Where is single cell genomics taking the field of Immunology?


Single-cell RNA sequencing (scRNA-seq) is a laboratory technique that falls under the greater realm of omics technologies that is pushing the boundaries when it comes to Immunology research. As the authors put it; “precise solutions require first the generation of precise knowledge”. In line with this, scRNA-seq technologies are allowing us to decipher more about specific pathological pathways and mechanisms and the particular cell populations responsible for either driving or combating several disease processes so that we can get better at improving healthcare and the lives of others.

Researchers are now in position to decipher more on the innate immune response, by looking into T and B cell receptor repertoires. When it comes to translation in the clinical setting, people have now been able to identify molecular signals that can determine whether patients are responding well to immunotherapy or not. These are aspects that can greatly contribute aid efforts around precision medicine.

With the rise of soo many different technologies and platforms now used to carry out scRNA-seq, one could easily either easily get confused or spoilt for choice as to where to start and what to use. In figure 1, the authors tell us about major platforms currently on the market that have application for Immunology research as well as some factors to consider with regards to the capabilities of each.

Figure 1: A table summarizing the advantages of different scRNA-seq technologies in immunology research. ‘‘+,’’ ‘‘++,’’ and ‘‘+++’’ indicate the relevant advantage or disadvantage represented by each technology. ‘‘_’’ indicates that the specific technology is lacking the attribute (Ginhoux, et al., 2022).

The authors are frank in highlighting that each platform does have its upsides and pitfalls and that one has to think about the work they are doing and the overall aim one wants to achieve when trying to balance that with the both the strengths and limitations of each platform. This might also be why Ginhoux and colleagues talk about researchers combining more than one platform in their work.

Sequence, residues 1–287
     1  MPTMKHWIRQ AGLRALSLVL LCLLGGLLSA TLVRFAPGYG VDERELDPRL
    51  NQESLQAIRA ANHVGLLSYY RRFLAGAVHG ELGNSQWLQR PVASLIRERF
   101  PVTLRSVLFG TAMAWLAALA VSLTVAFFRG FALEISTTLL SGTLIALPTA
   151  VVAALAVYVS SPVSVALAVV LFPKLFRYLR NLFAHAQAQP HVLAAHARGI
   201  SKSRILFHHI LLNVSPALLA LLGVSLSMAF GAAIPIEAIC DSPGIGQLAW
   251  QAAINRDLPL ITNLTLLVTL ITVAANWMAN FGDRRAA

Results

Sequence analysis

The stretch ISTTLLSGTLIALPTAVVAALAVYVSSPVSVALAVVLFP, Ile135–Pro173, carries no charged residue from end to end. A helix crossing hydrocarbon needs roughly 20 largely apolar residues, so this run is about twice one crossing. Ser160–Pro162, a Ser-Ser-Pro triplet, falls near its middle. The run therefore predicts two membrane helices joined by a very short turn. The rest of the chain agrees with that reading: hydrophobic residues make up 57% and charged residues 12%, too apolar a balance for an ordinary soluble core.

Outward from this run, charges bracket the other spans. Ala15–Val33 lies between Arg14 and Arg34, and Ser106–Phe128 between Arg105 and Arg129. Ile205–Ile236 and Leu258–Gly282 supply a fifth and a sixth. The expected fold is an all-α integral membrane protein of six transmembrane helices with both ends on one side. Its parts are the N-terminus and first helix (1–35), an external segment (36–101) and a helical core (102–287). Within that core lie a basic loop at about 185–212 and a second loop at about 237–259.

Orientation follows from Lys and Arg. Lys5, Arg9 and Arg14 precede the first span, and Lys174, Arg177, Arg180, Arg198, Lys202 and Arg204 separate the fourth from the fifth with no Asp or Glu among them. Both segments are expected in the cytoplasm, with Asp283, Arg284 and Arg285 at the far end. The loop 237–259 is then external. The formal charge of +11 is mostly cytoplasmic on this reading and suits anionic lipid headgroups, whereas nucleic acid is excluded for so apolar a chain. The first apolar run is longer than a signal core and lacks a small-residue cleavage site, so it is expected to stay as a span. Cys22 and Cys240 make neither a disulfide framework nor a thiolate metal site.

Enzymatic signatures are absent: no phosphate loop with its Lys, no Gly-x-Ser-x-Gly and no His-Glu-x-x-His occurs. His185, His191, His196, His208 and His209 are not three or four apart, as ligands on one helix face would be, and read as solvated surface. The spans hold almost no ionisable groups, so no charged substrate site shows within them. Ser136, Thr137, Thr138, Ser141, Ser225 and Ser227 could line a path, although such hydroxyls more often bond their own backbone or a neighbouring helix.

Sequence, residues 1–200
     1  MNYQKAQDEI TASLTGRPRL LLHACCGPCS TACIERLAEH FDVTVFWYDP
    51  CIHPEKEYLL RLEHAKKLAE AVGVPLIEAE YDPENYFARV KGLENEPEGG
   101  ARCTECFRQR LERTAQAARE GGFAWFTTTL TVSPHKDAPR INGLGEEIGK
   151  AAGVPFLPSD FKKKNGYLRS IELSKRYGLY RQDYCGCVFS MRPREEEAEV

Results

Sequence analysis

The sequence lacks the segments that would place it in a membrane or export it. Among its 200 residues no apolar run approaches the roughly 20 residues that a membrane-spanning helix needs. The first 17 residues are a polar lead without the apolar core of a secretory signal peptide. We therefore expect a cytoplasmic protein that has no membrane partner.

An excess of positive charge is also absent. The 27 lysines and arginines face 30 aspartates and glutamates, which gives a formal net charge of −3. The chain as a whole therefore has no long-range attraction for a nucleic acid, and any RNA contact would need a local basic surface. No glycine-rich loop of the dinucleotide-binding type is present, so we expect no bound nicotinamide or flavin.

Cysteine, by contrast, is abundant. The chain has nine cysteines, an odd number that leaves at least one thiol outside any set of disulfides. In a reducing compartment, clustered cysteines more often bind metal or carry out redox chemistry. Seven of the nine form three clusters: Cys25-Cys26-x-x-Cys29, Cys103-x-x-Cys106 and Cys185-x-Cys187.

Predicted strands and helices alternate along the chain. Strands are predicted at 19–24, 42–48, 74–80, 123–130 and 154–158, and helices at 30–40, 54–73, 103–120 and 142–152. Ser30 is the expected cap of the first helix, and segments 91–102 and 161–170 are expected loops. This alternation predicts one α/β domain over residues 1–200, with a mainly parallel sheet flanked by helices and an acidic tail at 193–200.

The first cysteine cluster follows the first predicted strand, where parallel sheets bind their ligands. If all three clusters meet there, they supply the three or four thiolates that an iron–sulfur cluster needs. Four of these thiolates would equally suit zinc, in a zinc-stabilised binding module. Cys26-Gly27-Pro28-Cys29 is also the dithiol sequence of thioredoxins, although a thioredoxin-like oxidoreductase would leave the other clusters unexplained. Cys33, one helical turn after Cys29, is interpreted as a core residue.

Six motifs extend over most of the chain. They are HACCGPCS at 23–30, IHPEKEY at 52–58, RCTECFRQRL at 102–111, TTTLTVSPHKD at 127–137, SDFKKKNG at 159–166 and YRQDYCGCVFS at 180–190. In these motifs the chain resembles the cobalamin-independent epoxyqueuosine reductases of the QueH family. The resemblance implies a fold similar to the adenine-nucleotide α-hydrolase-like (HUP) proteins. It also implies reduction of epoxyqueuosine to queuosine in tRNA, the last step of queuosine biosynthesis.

Indeed, with the generation of not only large, but complex datasets that arise from scRNA-seq, there does come a need to have not only intuitive up-to-date algorithms but also multi-layered analysis strategies that can allow one to make sense of the data generated, present it and make scientifically sound conclusions from it. The authors point us to work that gives an in-depth look into analytical challenges that have come up with the rise of single cell genomics technologies and the strategies people have applied to try and overcome them; Tutorial: guidelines for the computational analysis of single-cell RNA sequencing data , Computational Methods for Single-Cell RNA Sequencing, Current best practices in single-cell RNA-seq analysis: a tutorial. These analytical challenges become even more magnified when we look at the shift into single cell multiomics, that involves people combining proteomic, metabolomic and epigenetic datasets in a bid to get a more wholesome picture of the immune system and how it functions.

A phenomenon that has risen with scRNA-seq, and more so with Immunology work, is the constant identification of “novel” and rare cell subsets and subtypes, which have now been found to be identical cell types that simply go under different names in different studies. Where we are now, the development of comprehensive atlases has allowed the integration of data from different datasets, making it easier to identify and characterize similar cell populations across different tissues and body compartments. This is ideally making it easier for people carrying out similar research work better integrate results from different research groups.

With the constant improvement in single cell technologies, and the rise of even more platforms, there is a predicted fall in prices set to occur that could potentially see scRNA-seq become somewhat affordable and even more accessible to researchers globally. When we look at a better future for single cell Immunology, more conversations and efforts around standardized nomenclature and the development of centralized datasets will allow researchers share information more seamlessly and drive more collaborations. The generation of the Human Cell Atlas for example, holds promise for more community-driven efforts that could even see standardization make it easier to interpret data generated across more than one scRNA-seq platform.


Journal article: Ginhoux, F, et al., 2022. Single-cell immunology: Past, present, and future. Immunity. 

Summary by Vanessa Mwebaza Muwanga

International Union of Immunological SocietiesUniversity of South AfricaInstitute of Infectious Disease and Molecular MedicineElizabeth Glazer Pediatric Aids FoundationStellenbosch University